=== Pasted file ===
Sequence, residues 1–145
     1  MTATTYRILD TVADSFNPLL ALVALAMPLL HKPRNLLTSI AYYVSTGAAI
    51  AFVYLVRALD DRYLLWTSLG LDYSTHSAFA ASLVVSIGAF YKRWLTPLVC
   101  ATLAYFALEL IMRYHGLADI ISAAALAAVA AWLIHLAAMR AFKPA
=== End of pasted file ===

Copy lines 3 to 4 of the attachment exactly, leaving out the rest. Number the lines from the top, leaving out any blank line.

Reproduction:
    51  AFVYLVRALD DRYLLWTSLG LDYSTHSAFA ASLVVSIGAF YKRWLTPLVC
   101  ATLAYFALEL IMRYHGLADI ISAAALAAVA AWLIHLAAMR AFKPA